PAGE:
by Lisa Snow
For many with Parkinson’s, just managing day to day activities and keeping track of medications can be a challenge, so adding a structured exercise program can seem overwhelming. Even those who do exercise regularly are often doing a single activity, such as a stationary bicycle, because they’re unaware that customized corrective exercise can help them with more than just burning calories.
If you or a loved one have Parkinson’s, how can exercise help? Outside of medication, exercise is the only thing that can actually raise dopamine levels. In addition, a carefully designed exercise program can help you with balance, posture, flexibility, walking and stair climbing ability, and more. Once you complete physical therapy, a post-rehab personal trainer can help you regain full body fitness and your ability to perform everyday activities.
When and Where to Exercise
Your daily medication schedule can have a dramatic effect on your ability to exercise. Most people need to experiment with several different times of day to find when the medication is allowing them to be at their best. It’s important to choose a trainer with a flexible schedule. On days when you aren’t working with a trainer, find a friend to do your workout with you. You will be more motivated, have more fun, and reduce your fall risk.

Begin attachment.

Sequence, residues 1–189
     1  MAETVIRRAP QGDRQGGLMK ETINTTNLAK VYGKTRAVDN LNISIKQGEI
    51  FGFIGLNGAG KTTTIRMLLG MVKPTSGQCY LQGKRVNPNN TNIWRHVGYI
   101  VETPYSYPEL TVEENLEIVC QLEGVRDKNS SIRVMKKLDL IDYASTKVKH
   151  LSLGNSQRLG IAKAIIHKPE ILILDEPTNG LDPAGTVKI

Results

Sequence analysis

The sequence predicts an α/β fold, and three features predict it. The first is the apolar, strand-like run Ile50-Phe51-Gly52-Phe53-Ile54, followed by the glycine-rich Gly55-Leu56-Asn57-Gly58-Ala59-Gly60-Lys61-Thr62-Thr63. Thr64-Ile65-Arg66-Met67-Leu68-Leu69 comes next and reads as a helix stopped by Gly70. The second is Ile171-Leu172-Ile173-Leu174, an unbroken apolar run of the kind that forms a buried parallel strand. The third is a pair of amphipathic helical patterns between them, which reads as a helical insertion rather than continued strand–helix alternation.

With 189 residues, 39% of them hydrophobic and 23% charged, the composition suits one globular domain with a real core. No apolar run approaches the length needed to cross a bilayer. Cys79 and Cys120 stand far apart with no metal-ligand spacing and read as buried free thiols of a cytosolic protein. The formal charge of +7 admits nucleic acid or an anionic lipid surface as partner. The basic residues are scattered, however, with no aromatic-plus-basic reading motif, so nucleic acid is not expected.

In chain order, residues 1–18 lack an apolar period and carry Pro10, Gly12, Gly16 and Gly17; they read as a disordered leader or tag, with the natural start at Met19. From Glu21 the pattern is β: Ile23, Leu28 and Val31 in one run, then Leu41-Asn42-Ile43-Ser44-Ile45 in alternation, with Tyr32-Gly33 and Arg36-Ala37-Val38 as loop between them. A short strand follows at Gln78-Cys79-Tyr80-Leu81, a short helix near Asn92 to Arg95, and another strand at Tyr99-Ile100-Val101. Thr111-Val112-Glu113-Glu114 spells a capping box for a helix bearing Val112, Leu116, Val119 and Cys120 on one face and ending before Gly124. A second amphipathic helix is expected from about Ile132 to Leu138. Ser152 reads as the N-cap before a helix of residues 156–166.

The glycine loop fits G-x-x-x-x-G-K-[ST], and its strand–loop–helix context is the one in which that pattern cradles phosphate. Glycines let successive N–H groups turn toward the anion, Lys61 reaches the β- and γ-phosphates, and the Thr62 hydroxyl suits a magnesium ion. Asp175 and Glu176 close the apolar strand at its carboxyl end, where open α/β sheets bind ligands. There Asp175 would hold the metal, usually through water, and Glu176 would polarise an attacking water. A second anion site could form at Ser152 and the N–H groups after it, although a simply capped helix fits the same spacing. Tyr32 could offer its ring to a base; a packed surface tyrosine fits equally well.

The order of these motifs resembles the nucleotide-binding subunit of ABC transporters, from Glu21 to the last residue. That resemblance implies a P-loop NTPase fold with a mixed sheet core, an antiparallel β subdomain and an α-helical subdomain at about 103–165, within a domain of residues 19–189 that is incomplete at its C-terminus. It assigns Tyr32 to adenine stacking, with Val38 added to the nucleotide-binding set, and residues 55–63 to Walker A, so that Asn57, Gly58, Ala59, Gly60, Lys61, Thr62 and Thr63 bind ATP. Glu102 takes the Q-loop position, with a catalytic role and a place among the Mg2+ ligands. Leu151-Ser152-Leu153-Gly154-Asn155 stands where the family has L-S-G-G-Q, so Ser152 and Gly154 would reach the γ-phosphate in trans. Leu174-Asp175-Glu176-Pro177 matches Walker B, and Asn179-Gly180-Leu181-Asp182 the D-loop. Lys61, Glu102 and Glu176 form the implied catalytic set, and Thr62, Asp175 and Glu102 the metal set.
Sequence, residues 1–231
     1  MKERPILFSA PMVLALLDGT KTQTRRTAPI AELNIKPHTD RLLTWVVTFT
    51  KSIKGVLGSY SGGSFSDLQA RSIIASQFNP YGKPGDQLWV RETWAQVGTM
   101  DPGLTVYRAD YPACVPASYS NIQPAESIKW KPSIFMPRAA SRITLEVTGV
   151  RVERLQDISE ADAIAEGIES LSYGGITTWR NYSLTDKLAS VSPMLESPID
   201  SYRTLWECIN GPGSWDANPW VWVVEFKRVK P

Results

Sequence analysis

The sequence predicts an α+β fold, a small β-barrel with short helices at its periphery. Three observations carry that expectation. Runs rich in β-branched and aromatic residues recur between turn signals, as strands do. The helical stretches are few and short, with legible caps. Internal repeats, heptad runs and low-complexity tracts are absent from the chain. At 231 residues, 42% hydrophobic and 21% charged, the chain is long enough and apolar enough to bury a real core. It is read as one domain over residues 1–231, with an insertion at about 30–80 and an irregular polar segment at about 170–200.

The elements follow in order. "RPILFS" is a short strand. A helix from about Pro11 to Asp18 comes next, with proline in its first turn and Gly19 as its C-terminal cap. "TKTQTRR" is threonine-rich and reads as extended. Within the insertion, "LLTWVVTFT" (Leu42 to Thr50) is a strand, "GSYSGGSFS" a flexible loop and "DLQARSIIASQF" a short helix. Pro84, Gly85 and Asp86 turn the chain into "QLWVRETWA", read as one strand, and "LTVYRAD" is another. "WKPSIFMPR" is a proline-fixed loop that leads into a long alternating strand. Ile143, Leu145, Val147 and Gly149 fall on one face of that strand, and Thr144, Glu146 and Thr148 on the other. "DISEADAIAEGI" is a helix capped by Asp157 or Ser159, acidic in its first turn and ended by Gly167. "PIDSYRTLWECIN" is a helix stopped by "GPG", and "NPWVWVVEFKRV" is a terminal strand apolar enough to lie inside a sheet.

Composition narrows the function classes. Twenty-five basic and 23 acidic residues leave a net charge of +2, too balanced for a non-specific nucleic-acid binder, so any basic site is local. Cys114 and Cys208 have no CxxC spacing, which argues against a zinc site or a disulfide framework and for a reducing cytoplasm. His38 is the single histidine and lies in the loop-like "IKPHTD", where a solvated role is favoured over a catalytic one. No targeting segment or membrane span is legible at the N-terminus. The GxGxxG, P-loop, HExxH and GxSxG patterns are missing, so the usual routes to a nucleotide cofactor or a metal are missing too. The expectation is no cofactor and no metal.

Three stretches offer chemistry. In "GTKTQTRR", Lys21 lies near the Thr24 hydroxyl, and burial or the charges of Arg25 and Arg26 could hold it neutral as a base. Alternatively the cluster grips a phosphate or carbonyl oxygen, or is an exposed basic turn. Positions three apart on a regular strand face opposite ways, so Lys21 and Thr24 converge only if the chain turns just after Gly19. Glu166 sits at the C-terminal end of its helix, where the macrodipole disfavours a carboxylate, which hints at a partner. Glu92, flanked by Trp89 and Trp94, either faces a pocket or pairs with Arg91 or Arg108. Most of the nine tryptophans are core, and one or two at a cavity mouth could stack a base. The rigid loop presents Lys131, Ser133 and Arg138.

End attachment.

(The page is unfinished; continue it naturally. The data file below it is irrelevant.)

Many personal trainers can come right to your home, brining all their own equipment. This saves you time spent commuting to a gym, as well as eliminating the cost of a gym membership. If you prefer going to a gym and feel that meeting other gym members is part of the fun, many independently owned gyms allow clients to bring their own trainer. (Chain gyms like New York Sports Club or Crunch don’t allow outside trainers.) This way you can choose a trainer who specializes in post-rehab rather than working with whichever trainer happens to be at the gym the day you show up. A randomly selected trainer may only work with weight loss clients and have no experience with Parkinson’s.